Correcting Color Blindness With GlassesMillions of Americans contend with color blindness every day; around 8 percent of men and .5 percent of women of Northern European descent. Can you picture what life would be like if you couldn't see the color variations of a beautiful sunset? It's the reality of those living with color blindness. However, advances in technology have led to the creation of special glasses that can correct the disability. The most typical form of the condition, which prevents men and women from distinguishing between specific colors, is red-green color blindness.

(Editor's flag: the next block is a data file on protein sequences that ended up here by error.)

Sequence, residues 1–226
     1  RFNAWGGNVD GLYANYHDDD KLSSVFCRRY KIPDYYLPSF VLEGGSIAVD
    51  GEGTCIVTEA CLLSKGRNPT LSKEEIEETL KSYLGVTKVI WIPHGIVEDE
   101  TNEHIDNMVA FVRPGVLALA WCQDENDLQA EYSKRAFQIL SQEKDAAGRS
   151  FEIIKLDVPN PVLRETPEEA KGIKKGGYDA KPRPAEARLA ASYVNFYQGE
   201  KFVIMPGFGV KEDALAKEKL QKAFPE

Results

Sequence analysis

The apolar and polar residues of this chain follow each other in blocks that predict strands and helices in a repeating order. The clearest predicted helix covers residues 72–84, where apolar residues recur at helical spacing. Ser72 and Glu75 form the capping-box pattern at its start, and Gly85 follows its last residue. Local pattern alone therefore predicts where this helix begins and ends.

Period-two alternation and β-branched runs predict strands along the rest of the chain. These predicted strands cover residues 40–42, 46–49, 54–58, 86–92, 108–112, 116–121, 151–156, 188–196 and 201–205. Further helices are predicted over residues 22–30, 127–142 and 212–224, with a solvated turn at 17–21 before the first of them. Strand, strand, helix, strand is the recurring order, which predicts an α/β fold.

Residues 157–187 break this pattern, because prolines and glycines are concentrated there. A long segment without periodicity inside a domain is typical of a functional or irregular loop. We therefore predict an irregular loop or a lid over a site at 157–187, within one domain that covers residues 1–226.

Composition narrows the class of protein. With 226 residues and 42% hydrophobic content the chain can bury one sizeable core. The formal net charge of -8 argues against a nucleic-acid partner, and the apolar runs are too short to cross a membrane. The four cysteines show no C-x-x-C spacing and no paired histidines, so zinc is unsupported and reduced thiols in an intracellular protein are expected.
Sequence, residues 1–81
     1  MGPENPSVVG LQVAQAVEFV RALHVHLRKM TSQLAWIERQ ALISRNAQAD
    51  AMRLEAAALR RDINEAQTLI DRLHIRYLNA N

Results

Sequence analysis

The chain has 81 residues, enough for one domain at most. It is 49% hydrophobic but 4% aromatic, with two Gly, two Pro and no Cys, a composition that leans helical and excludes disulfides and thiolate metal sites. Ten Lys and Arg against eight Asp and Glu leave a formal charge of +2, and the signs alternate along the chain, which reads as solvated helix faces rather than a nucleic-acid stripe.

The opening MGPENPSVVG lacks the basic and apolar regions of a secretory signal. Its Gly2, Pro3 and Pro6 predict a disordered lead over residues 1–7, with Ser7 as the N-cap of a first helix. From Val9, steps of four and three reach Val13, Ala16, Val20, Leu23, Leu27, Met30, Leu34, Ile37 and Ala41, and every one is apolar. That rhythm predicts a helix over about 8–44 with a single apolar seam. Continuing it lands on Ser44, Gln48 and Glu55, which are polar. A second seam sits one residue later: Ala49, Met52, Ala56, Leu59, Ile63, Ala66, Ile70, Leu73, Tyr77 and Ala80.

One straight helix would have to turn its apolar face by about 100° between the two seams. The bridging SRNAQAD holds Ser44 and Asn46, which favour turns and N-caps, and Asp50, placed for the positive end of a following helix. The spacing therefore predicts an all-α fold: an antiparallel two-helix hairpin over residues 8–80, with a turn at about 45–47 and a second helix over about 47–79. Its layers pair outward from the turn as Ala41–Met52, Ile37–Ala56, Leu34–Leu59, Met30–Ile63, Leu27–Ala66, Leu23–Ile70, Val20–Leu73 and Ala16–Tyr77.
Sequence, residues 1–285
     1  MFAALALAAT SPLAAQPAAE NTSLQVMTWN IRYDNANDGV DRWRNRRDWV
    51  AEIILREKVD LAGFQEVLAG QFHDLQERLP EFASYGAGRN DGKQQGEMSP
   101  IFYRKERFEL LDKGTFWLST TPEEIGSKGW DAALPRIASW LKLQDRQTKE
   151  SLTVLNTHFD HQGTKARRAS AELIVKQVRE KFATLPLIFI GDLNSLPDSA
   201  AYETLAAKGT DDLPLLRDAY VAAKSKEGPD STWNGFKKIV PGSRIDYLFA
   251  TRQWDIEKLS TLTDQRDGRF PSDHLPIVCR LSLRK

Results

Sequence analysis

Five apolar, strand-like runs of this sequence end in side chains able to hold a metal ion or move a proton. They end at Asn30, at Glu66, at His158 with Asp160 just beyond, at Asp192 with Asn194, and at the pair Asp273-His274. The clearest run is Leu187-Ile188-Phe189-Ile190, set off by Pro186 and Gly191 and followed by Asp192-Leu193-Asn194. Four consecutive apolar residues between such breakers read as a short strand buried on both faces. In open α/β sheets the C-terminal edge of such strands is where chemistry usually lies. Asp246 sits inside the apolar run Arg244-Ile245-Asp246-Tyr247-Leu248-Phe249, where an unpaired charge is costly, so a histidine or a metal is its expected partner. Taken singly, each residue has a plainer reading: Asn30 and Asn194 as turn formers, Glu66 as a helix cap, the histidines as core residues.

"In the retina, there are two types of cells that detect light," author David Turbert explains. "They are called rods and cones. Rods detect only light and dark and are very sensitive to low light levels. Cone cells detect color and are concentrated near the center of your vision. There are three types of cones that see color: red, green, and blue. The brain uses input from these cone cells to determine our color perception."
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Glasses that correct color blindness give Fargo man a bright new lease on life